PR Insight 7 minute read
Daney Parker, Editor, PRmoment.com
Noticed any football on TV lately? Apparently there is some sort of world championship going on.... but it’s not just about football, the World Cup gives brands a chance to show off their skills too.
Plus it is giving Russia, an opportunity to try and change its international reputation as a thug. A chance it is making good use of. As Carl Thomson, director at public affairs agency Interel and former deputy chairman of the Association of Professional Political Consultants, says: “One thing that became noticeable in the first few days of the World Cup is the difference between people’s perception of Russia as a hostile, unwelcoming place, and the experience of the England fans who have been impressed with how well things have been run and the friendly reception they’ve been given.
“Before the tournament a lot of fans said they were cautious about going to Russia due to fears about violence and hooliganism. In some parts of the media there was almost a sneering attitude around Russia’s ability to host such a large sporting event. The tensions over things like the Skripal incident, the war in Syria and Crimea mean that Russia generally gets bad PR. Should things go as well over the next few days as they have over the last couple of weeks, the World Cup could be more effective at changing some people’s attitude towards Russia than any PR campaign might have done.”
Russia is one PR success story of the champtionship so far, below PR pundits describe the brands that are also scoring this summer.
Cheers for Budweiser!
Steve Monk-Chipman, designer at agency Bottle, says: “Brands should take a lesson from ABInBev’s Budweiser, which has used this opportunity to activate the largest commercial campaign in its history, across more than 50 countries.
“Perhaps you’ve seen its playful Wall-E-esque film that sees drones delivering Budweiser, or vending machines asking fans to cheer for beer, or the BudBoat on the Thames, decked out in its red livery. Even if you’ve missed any of the eight million light up stadium cups on your screens, Bud’s unfaltering presence in our supermarkets is unavoidable. Entrances and aisles are piled high with their promotional and limited-edition World Cup offerings.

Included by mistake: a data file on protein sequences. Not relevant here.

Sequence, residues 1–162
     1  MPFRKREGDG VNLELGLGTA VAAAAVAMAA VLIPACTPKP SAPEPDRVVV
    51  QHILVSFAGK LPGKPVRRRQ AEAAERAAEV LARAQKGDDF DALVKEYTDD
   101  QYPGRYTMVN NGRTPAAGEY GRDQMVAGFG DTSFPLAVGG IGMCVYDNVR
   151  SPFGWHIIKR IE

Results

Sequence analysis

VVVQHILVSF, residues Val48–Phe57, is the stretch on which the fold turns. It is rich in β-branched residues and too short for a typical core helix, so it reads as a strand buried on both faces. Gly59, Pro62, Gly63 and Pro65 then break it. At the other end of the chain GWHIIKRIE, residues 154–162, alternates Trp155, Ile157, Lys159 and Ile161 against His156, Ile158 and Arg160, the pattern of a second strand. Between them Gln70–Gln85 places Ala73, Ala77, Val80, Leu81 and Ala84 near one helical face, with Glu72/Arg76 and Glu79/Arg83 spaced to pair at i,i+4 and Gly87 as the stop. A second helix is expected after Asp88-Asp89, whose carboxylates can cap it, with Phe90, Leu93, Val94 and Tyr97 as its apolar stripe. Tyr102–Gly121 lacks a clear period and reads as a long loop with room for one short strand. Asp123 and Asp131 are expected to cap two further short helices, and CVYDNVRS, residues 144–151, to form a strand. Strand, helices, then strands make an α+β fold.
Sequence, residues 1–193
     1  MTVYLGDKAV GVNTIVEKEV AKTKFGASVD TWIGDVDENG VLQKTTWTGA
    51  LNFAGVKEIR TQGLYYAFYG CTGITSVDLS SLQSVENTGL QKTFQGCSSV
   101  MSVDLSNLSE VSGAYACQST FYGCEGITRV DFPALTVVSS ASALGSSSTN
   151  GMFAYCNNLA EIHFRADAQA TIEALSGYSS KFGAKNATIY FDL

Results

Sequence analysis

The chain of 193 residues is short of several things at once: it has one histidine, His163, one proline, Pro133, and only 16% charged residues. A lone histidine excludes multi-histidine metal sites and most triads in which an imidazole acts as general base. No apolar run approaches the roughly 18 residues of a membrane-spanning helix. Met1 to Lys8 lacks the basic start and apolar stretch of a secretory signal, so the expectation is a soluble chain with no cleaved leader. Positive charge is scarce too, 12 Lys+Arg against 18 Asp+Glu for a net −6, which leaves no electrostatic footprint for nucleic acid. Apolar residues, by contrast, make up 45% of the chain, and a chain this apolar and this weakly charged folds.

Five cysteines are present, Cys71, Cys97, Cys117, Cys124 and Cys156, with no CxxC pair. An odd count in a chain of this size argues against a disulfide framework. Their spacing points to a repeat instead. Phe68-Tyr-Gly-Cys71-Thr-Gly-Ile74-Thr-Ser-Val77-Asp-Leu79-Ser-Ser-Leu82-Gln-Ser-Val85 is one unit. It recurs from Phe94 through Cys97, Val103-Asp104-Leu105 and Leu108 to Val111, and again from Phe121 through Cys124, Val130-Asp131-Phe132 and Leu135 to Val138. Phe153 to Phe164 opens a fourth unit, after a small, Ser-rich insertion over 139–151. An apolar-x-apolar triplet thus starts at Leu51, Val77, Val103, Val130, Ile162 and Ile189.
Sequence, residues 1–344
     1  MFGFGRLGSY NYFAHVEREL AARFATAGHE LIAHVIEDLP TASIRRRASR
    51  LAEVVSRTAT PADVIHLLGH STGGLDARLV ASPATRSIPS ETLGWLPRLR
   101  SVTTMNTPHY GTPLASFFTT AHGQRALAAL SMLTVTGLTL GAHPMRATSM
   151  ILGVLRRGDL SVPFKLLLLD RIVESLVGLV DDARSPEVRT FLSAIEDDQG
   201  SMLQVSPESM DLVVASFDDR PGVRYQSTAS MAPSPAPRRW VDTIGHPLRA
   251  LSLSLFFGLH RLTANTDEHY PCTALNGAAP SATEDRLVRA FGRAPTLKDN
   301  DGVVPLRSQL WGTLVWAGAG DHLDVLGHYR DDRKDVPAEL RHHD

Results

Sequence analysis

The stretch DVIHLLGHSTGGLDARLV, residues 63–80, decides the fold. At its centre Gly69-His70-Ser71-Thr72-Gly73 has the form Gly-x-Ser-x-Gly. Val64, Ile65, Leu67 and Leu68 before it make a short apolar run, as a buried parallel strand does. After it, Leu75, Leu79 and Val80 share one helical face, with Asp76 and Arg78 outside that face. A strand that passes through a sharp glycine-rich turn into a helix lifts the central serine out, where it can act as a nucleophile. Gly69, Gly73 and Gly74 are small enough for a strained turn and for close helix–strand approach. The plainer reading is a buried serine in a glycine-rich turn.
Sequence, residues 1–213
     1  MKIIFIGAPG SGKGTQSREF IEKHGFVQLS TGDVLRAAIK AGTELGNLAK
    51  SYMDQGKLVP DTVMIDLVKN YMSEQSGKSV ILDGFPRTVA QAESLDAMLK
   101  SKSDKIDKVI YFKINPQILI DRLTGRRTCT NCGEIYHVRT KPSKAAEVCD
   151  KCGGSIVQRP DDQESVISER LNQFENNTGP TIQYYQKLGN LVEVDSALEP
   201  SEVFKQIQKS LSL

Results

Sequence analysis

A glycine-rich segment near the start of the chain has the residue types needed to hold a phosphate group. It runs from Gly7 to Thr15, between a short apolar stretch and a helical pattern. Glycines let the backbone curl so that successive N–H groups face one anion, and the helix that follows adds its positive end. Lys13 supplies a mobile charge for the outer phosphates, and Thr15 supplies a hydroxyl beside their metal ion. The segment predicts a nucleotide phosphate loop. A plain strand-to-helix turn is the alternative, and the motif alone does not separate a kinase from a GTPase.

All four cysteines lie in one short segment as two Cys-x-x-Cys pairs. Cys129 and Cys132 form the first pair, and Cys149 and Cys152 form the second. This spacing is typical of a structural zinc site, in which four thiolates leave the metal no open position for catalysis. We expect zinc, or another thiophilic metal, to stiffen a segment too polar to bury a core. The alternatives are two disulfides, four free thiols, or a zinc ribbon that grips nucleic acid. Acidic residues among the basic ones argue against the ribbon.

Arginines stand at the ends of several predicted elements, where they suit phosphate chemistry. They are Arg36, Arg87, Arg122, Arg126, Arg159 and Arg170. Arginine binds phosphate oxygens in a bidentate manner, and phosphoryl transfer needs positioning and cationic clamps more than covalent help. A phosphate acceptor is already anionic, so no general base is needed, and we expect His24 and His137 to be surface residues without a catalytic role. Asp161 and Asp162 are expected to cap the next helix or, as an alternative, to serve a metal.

“The force with which Budweiser has claimed momentary supermarket monopoly is impressive. If the purpose of marketing is to elevate visibility of a brand to an audience, then Budweiser is well on its way to an enduring World Cup ubiquity.”
Paddy Power scores goals for polar bears and LGBT issues
Chris Gratton, head of sport and entertainment, UK at PR firm FleishmanHillard Fishburn, says: “Major sporting events will never be short of attempts by brands to capitalise on the hype and eyeballs which they inevitably attract by both official sponsors and non-sponsors alike.
“And whilst the location of this year’s World Cup has led many brands to play safe and steer clear of any significant statement or position, Paddy Power has ‘come out’ all guns blazing – with two (and counting) punchy and purposeful stunts which both shine a light on, and pledge funding around two contentious Russian policies.
“Using ‘Agee’ the polar bear as the protagonist, the bookmaker’s first stunt – the initial reveal of which caused considerable furore – was a terrific exposé of the Russian Arctic’s environmental and geographical secrecy and a pledge to Polar Bears International. Next, came an equally commendable pledge to donate £10k to an LGBT charities for every goal the Russian football team score, both to highlight and rebuke Russia’s ‘policy of discrimination’.
“Paddy Power is not alone in speaking out on important, and sometimes divisive issues; but it is amongst the bravest and most imaginative. In appealing beyond the liberal set, Paddy Power has used its unique brand power to shine a very bright and uncomfortable light on LGBT and environmental issues in a way that speaks as loudly to the fan as it does the activist.”
Amazingly, as I write this, England is still in the tournament. So never mind which brands are winners, come on England!